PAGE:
What is a psychologist?
Psychologists are doctors that assess and treat behavioral, developmental, emotional and physical health problems. Psychologists have completed graduate training, but are not medical doctors and do not prescribe medications. Instead, psychologists rely on non-medical interventions that help people to change their behaviors, thoughts, and feelings to improve well-being.
Who are the psychologists in the Society for Developmental and Behavioral Pediatrics?
- Some members are child psychologists, who specialize in the assessment and treatment of children with behavior problems, developmental delays, anxiety and depression, and problems with feeding, sleep and toileting.
- Some members are pediatric psychologists and neuropsychologists, who work in healthcare settings and collaborate with interdisciplinary professionals to evaluate and treat children with special healthcare needs.
- Some members are school psychologists, behavior analysts, and special educators, who have expertise in applied behavior analysis (ABA), learning disorders, bullying, and other school problems.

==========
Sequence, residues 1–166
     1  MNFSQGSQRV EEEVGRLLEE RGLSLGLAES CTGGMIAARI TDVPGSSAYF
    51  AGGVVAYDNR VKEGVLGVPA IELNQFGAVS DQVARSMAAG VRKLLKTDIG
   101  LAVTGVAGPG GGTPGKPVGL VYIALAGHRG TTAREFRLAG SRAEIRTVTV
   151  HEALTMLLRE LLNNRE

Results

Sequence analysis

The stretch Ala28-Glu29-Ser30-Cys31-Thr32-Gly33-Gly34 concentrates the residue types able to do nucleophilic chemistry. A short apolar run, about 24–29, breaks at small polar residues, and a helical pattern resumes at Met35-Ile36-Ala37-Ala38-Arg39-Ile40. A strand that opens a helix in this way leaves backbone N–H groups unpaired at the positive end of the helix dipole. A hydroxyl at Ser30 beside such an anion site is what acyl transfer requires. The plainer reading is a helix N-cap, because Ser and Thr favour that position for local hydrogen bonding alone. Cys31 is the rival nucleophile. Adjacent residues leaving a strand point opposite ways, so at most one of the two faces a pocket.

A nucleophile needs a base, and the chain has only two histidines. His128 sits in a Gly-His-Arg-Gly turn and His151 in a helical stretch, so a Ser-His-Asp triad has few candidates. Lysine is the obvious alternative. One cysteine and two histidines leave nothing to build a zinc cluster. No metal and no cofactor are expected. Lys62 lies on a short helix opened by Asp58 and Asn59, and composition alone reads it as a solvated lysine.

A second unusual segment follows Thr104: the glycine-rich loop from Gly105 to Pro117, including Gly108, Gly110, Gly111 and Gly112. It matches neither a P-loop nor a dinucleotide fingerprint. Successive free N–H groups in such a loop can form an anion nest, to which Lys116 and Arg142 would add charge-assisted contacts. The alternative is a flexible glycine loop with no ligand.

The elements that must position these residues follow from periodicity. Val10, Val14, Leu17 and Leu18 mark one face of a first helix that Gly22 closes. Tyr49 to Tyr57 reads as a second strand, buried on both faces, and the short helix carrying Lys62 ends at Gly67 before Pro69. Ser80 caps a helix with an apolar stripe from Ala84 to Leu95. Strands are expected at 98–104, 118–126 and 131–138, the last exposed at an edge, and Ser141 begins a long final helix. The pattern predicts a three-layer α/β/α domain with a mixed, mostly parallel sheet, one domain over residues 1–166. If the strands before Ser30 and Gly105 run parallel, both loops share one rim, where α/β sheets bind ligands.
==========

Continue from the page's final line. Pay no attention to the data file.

- Some members are developmental psychologists, who engage in research to better understand child and lifespan development, social learning, parenting, and the interaction between health and behavior.
Psychologists in SDBP may or may not identify with the subspecialties described above. What unites psychologists in SDBP is the shared commitment to collaboration with other medical and allied-health disciplines across clinical, research, education and advocacy domains to improve the health and well-being of children and their families. SDBP provides the unique opportunity to connect with other psychologists who share our developmental-behavioral and interdisciplinary focus.
For more information about psychology in SDBP or to join the Psychology Special Interest Group, contact Melissa Armstrong-Brine.